A Classical Curriculum

the surest, most time-tested way to direct students toward a life that is truly free

What is Classical Education?

A Well-Rounded Course of Study

In classical schools, students receive a well-rounded education in the liberal arts and sciences. All students study literature and mathematics, history and the sciences, the fine arts, Latin, and physical education because the K-12 years are the years in which we are still coming to know ourselves and the world around us. The successful development of literacy and numeracy and a solid foundation in the core subjects is necessary before advanced or specialized training and study.

Rooted in Human Nature

But the study of the liberal arts does more than prepare the way for specialized training. A classical education teaches us to seek knowledge of the nature of things, especially the nature of man and of the universe as a whole. Human beings are that part of the universe who seek to know where we stand within it, and who wonder about its ultimate origins and character. We are also driven by a desire to know ourselves—to understand our nature and purpose in life.

The Humanities and the Sciences

The surest guides for this quest are the great works of literature, philosophy, politics, and art that mankind has produced, which teach us about human nature and the human good, along with the serious study of mathematics and the sciences, which teach us about the natural order. Together with the study of history, which teaches us to know ourselves by understanding our place in the unfolding of the human story, the serious pursuit of knowledge across all subjects equips us for truly human lives. 

Liberal education liberates us in the true sense. It frees us from ignorance and confusion, from prejudice and delusion, and from the wild passions and fanciful hopes that can degrade and destroy us. It liberates human beings by making us rational, allowing us to see the world clearly and honestly. In revealing our nature, it necessarily reveals what we need by nature—what is right and good for us.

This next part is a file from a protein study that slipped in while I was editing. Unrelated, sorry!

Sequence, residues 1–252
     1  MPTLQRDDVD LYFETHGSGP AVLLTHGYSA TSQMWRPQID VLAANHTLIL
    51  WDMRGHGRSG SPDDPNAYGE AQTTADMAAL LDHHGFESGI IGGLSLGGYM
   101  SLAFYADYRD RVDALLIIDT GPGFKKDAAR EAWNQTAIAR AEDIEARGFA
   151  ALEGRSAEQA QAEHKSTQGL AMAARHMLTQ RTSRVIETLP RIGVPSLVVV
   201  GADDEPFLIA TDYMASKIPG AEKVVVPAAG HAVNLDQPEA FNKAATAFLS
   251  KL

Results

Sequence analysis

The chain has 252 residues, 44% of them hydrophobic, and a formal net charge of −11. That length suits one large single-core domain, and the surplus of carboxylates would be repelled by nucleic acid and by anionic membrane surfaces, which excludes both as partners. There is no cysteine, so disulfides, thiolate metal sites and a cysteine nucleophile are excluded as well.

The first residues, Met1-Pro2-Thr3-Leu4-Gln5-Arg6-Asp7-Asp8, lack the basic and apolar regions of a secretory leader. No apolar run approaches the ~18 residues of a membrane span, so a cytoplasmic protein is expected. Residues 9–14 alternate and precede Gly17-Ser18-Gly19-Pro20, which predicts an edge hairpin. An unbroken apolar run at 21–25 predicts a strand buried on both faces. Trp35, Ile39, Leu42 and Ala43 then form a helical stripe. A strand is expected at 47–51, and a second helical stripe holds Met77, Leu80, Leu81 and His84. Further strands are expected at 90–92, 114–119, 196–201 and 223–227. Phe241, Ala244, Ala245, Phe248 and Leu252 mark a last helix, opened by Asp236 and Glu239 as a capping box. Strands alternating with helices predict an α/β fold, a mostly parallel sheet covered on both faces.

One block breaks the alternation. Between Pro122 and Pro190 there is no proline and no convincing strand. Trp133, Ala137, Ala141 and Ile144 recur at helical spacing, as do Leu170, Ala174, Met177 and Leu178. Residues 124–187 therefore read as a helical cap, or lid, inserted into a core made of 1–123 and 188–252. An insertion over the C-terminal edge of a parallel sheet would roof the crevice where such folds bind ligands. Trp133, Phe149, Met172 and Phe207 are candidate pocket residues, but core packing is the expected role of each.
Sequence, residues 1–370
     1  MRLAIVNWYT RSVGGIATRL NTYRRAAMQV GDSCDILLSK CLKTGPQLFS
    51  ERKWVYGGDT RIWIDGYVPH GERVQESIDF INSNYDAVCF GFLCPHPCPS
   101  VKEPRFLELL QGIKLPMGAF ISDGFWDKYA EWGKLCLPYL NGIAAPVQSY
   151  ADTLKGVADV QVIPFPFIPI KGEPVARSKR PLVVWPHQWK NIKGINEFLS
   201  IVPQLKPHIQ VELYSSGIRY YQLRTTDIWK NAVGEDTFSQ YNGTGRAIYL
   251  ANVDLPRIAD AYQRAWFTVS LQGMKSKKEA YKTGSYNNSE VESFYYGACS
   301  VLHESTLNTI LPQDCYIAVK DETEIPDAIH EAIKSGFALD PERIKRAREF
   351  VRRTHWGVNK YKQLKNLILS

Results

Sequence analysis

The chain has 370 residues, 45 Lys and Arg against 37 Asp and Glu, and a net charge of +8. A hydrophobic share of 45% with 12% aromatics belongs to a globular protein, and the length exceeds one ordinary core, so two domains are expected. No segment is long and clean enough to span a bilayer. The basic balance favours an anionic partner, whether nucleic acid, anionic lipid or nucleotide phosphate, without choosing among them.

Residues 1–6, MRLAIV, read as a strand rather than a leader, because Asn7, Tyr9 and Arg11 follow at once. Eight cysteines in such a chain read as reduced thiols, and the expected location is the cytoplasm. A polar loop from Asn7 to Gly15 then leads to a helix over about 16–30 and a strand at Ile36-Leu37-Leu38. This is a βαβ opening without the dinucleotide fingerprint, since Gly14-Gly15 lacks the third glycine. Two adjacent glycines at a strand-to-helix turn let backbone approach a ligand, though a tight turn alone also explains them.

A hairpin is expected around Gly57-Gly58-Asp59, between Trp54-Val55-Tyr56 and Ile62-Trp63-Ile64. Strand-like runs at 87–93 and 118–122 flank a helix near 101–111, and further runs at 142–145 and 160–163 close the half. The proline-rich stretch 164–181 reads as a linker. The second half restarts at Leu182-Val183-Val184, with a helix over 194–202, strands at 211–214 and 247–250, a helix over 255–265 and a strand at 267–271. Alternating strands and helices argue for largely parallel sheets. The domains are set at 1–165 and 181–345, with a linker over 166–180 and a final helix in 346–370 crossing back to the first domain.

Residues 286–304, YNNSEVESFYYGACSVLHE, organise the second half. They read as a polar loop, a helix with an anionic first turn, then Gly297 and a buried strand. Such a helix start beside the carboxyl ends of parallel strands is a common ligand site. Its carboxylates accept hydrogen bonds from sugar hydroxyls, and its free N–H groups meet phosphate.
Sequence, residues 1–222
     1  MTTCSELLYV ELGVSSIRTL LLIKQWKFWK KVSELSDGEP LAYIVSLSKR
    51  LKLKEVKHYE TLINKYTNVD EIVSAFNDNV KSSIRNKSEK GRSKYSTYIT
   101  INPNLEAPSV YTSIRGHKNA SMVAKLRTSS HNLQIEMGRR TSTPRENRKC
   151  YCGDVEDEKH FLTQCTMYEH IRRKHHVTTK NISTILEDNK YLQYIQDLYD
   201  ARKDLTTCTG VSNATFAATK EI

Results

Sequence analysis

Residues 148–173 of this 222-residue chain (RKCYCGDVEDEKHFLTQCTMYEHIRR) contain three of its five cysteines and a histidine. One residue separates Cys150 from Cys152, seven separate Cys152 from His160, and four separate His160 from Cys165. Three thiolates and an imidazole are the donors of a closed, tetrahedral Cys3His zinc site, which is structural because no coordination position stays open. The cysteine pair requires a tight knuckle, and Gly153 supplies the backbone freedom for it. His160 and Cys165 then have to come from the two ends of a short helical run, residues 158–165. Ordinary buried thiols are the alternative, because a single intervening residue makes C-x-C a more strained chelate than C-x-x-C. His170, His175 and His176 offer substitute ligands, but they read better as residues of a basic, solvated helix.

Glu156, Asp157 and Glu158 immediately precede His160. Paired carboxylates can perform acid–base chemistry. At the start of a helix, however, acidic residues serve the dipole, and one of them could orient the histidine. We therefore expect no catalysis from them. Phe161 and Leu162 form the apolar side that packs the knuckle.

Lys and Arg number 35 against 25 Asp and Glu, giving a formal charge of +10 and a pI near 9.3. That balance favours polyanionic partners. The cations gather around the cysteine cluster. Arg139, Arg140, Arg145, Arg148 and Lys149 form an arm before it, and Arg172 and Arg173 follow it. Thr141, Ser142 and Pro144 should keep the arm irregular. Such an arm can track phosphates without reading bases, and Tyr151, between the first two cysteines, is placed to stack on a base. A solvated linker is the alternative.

Moral Formation

For these reasons, liberal education provides, in part, moral education. Rather than do violence to human nature in a vain attempt to remake it, liberal education cultivates human nature so it can grow properly and flourish. It takes up the essential task of character formation. Liberal education guides us into freedom, by making us self-reliant and responsible, capable of governing ourselves and taking part in the self-government of our communities. Liberal education makes us fit to be true citizens. 

The liberal arts in particular and liberal education in general are the surest, most time-tested way to direct students toward a life that is truly free.
Rebecca Lincoln, Hillsdale K-12
“Classical education is not fluff.  It is real content that spans the ages.  It includes excellent stories: classic and timeless tales from literature, the stories of people and places and events of history, the stories of people, inventions, discoveries, and creative pieces in science, music, and art. 

For the youngest students, the best classical schools will include all of those things and emphasize the importance of learning to read and spell through an explicit phonics program, and include the mastery of basic math facts and the building of conceptual mathematical understanding.

Teachers will know and love their content, and they will help your child begin to develop an understanding of how the different subject areas work both independently and together to tell us about ourselves and human nature. Teachers will do this through dynamic, teacher-directed instruction; your kids won’t be left on a device all day and they won’t be self- or group-taught through projects.

Most importantly, virtue and character will be intertwined through the conversations about both curricular content and student behavior, so your young children will begin to understand what it means to be a good citizen, and these conversations will complement what you are trying to teach them at home.”

—Rebecca Lincoln, Director of Teacher Support, Hillsdale K-12 Education